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Biden’s first papal visit: Dialog article from 1980 describes then-senator’s Vatican meeting with Pope John Paul II

Then-Sen. Joe Biden stands next to wife, Jill, as they meet with Pope John Paul II at the Vatican in April 1980. This photo and article describing the meeting appeared in The Dialog.

President Joe Biden and first lady Jill Biden will have an audience with Pope Francis on Oct. 29 at the Vatican. In April 1980, then-Senator Biden met at the Vatican with Pope John Paul II as part of a tour of Europe. Upon his return to Delaware, Biden was interviewed by The Dialog and described the visit in this article first published April 18, 1980.

Sen. Biden meets with pontiff

By Kathleen M. Graham

Sen. Joseph R. Biden, Jr., (D-Del.) ended a fact finding trip to Turkey, Greece and Italy last week with a lengthy, private meeting with Pope John Paul II at the Vatican.

Biden, chairman of the European Affairs Subcommittee of the Senate Foreign Relations Committee, and five other senators spent 10 days meeting with officials of those countries and touring areas of the Persian Gulf.

A highlight of the trip came for Biden April 12 when he spent 45 minutes alone with Pope John Paul in the pontiff’s private library at the Vatican. Purpose of the unusually long session, Biden said, was to discuss the impact of the demise of détente on the freedom of those living behind the Iron Curtain — a situation heightened by the deteriorating heath of Yugoslav President Josip Tito. There has been widespread international concern that Tito’s death could trigger a Soviet move into Yugoslavia.

Biden said he sought the pope’s advice, as a church and world leader, on Czechoslovakia; what is happening in the demise of East-West relations, and what course the U.S. should follow in dealing with Eastern countries.

Biden summarized some of the pope’s comments, saying that the pontiff expressed concern that the demise of détente will have a negative impact on the ability of people of all faiths to practice their religion, particularly in Czechoslovakia. The pope also is concerned, Biden said, over the growth of communism in the Western Hemisphere, especially in Latin and South America. The world must recognize the great disparity between the very rich and the very poor and communism’s illusion of being able to provide some sort of equality, the pontiff indicated to Biden.

Pope Francis greets then-U.S. Vice President Joe Biden after both spoke at a conference on adult stem cell research at the Vatican April 29, 2016. In a recent interview, Archbishop Christophe Pierre, the Vatican ambassador to the U.S., said he is helping the Holy See prepare for Biden’s first presidential visit to the Vatican, sometime during an Oct. 30-31 Rome summit of leading rich and developed nations. “It would be an anomaly if he did not meet the pope while in Rome,” especially since Biden is the first Catholic president in 58 years, the nuncio said. (CNS photo/Vatican Media)

Discussing human rights, Pope John Paul also told the Delaware senator that the American people are looked to by Eastern Europeans as “the people,” the citadel of freedom. The American people have a special burden, the pope told Biden, and that is never to forget the plight of his native Poland and Eastern Europe. The pontiff cited President Jimmy Carter’s trip to Poland shortly after the U.S. leader took office as a journey which helped to rekindle the spirits of the Polish people.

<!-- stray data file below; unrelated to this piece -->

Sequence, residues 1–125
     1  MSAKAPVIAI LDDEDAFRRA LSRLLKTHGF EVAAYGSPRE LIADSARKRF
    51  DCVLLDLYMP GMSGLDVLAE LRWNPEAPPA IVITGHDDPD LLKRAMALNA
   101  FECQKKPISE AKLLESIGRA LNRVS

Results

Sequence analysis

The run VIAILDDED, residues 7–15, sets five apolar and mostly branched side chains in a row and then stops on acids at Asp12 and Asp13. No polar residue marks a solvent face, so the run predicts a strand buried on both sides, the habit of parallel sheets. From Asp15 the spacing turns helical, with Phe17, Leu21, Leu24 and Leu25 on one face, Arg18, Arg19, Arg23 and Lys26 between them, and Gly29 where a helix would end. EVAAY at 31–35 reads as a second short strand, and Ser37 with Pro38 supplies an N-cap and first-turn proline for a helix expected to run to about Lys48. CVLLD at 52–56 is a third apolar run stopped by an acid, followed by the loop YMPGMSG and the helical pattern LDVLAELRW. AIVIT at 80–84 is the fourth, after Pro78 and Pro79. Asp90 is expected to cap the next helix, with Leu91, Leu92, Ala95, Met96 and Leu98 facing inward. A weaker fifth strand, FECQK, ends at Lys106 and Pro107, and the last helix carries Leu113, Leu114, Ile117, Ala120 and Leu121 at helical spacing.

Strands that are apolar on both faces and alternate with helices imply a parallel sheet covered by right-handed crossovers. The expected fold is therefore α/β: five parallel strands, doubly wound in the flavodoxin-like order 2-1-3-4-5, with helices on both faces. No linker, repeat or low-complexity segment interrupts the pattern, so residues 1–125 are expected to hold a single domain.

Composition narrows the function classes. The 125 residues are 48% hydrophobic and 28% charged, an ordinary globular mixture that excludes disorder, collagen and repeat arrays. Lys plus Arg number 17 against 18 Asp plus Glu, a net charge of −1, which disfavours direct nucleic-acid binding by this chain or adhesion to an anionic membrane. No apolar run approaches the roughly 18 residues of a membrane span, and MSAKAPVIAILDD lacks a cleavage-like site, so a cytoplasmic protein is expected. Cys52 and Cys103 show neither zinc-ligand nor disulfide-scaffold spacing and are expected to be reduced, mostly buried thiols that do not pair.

Biden said he responded to that comment by assuring the pope of what a powerfully positive impact his first trip to the U.S. as pontiff last fall had on all Americans.

The senator’s visit to the Vatican was his first one-on-one encounter with the pope. Biden called John Paul one of the most impressive world leaders he had ever met and remarked on the pontiff’s personal magnetism, warmth and sense of humor.

“He kept kidding me about how young I am,” Biden said, adding that his discussions with the pope were relatively uninterrupted, even though several times during their conversation aides knocked on the library door, only to be waved away by John Paul.

President Joe Biden and Pope Francis are seen in this composite photo. The White House announced Oct. 14, 20201, that the two will meet at the Vatican Oct. 29. (CNS composite; photos by Jonathan Ernst, Reuters, and Paul Haring)

“He’s intense and attentive,” the senator said, noting that the holy father made a point of pulling his chair around from his desk to sit closer to his visitor. Conversing in English, the pope often interspersed his comments with physical gestures Biden said — reaching over from time to time and touching the senator’s arm as he made his point.

Afterwards, the pope met with some members of Biden’s party, including the senator’s wife, Jill, posed for photographs and presented small gifts.

Among those in the room at that time was Oblate Father Roberto Balducelli, pastor of St. Anthony’s Parish, Wilmington, who was visiting Italy and spent two days in Rome with the Bidens.

Delaware’s Democratic senator also had the opportunity to meet for an hour April 11 with Cardinal Agostino Casaroli, papal secretary of state, an office generally considered the second-ranking post in the Vatican hierarchy.

A file photo shows St. John Paul II in 1978 in Rome, days after his election. Pope John Paul II reminded us in the encyclical “Sollicitudo Rei Socialis” that “the goods of this world are originally meant for all.” (CNS photo/Mal Langsdon, Reuters)

As secretary for the Council for the Public Affairs of the Church (Vatican foreign minister) since 1967, Cardinal Casaroli has been the Vatican’s chief negotiator with East European communist governments.

Although Cardinal Casaroli speaks some English, Father Balducelli acted as interpreter during the interview, which was conducted in Italian.